Ulstein concept for fuel cell construction vessel
The Norwegian shipbuilder Ulstein has presented the concept of an offshore construction vessel with hydrogen propulsion. The Ulstein SX190 will be tested on the high seas from 2022.
The Ulstein SX190 Zero Emission DP2 construction support vessel can cater to a large variety of offshore operations such as the construction of offshore wind turbines. The DP2 is Ulstein’s first hydrogen-powered offshore vessel and is equipped with fuel cell technology from the Dutch specialist Nedstack. With the current technology, the ship can already operate without emissions for four days. In the near future, expected developments in hydrogen storage and fuel cell technology should make this possible for two weeks. A diesel-electric drive is also installed for longer missions or transfer journeys.
“With this hydrogen-fueled vessel, we aim for future zero-emission operations of long endurance,” says Tore Ulstein, Deputy CEO of the Ulstein Group. “Sea trials of a newbuild Ulstein SX190 Zero Emission could happen as soon as 2022.”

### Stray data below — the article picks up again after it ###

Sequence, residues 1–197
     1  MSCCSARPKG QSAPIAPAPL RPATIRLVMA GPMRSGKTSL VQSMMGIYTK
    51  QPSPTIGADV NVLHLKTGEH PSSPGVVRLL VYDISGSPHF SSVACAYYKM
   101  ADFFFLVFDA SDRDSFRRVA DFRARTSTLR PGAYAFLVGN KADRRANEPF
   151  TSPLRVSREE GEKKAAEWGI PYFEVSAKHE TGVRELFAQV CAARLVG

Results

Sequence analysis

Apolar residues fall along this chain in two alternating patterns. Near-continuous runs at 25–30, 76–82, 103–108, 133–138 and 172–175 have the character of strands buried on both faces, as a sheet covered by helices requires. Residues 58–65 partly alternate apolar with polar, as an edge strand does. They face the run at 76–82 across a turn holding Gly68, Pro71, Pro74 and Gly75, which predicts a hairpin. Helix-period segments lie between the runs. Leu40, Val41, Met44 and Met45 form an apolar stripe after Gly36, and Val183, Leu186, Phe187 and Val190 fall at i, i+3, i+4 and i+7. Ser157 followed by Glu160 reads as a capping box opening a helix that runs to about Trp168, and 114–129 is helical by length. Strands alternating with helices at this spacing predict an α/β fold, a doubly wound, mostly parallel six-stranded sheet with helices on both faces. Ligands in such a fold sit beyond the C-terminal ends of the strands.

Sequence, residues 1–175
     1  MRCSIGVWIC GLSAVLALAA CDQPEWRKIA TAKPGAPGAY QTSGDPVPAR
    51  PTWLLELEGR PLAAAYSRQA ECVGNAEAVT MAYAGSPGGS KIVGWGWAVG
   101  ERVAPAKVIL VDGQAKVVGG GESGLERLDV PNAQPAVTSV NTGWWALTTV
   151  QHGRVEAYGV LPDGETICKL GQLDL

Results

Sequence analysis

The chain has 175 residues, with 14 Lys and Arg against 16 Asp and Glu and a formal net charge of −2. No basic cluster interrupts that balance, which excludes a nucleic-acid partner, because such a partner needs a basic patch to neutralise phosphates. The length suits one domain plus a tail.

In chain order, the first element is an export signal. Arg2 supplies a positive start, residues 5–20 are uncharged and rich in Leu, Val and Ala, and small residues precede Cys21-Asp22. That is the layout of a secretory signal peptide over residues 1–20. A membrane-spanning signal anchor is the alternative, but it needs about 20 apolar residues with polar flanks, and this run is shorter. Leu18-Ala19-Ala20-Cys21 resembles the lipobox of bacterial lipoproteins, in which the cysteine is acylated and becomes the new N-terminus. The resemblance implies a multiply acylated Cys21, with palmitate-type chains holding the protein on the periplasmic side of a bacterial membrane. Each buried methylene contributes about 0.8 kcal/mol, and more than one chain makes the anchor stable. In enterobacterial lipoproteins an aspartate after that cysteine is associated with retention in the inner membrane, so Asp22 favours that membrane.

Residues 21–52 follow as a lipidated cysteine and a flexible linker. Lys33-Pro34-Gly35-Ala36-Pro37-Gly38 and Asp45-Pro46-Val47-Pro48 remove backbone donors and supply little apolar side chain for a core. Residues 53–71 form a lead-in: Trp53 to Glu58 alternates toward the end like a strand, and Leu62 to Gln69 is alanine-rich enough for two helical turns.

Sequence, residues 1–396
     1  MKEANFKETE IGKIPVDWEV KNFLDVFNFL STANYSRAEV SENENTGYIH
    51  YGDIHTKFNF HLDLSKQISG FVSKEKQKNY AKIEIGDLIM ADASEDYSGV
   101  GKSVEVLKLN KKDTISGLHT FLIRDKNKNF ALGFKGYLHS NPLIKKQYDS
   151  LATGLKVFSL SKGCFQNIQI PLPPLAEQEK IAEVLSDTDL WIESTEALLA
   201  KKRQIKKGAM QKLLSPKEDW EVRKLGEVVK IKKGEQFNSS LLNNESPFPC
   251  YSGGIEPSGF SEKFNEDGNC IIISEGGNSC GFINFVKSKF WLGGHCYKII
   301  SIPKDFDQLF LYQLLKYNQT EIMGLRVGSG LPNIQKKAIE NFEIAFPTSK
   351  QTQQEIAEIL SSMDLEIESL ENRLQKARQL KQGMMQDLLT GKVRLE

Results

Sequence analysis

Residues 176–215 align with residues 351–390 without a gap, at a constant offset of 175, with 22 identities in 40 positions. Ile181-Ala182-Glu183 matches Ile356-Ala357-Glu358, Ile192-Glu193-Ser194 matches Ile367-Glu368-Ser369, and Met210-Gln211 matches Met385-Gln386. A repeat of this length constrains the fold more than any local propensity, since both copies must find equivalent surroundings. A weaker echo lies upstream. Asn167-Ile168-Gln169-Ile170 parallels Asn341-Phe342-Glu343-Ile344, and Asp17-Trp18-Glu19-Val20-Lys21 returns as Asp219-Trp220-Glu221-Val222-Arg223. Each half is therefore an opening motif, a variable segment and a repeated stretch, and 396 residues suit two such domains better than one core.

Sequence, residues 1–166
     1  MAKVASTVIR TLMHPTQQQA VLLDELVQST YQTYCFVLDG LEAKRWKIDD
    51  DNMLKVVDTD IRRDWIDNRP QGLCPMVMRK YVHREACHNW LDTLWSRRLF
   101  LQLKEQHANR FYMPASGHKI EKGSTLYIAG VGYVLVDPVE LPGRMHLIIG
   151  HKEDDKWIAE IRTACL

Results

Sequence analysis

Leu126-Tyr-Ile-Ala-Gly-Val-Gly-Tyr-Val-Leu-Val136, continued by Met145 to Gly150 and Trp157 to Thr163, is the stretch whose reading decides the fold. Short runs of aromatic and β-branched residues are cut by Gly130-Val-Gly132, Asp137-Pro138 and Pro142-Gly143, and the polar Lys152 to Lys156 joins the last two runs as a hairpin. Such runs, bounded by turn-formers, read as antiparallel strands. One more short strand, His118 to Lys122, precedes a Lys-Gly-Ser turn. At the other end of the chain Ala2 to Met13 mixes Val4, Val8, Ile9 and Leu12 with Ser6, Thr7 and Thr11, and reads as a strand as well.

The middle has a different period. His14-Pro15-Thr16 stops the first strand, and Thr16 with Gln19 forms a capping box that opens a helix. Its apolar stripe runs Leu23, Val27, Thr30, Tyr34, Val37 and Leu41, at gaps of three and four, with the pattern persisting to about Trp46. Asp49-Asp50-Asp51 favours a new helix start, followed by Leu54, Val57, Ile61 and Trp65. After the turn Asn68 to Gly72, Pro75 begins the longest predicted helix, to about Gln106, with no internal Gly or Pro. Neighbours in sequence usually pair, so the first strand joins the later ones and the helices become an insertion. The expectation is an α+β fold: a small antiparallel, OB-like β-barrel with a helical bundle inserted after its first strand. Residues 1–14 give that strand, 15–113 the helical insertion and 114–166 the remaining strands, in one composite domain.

The fuel cells have a capacity of 2 MW, the total installed capacity of the drive is 7.5 MW. The PEM fuel cells supplied by Nedstack are installed in a separate engine room. Nedstack systems have already been built and tested in the multi-megawatt range.
The special feature of the so-called erection or installation ships is that they must maintain their position as accurately as possible during work, regardless of weather conditions, currents and waves. This “positioning load” leads to a fluctuating power requirement that can be better covered by electric motors.
The Norwegian project is not the only attempt to make installation ships cleaner. The Finnish technology group Wärtsilä announced in August that it would convert the Acta Centaurus to a hybrid drive. This will reduce CO2 emissions by up to 15 per cent. However, if the Ulstein SX190 were to refuel with green hydrogen, its CO2 footprint would be significantly lower.
Also working on fuel cell systems for large ships is the fellow Norwegian company Havyard group. Earlier this month the company announced that it is entering the approval phase with Linde Engineering as tank supplier and PowerCell Sweden as fuel cell supplier. The aim is to create an emission-free system based on fuel cells that meets the requirements of the IMO (International Maritime Organisation) for maritime safety.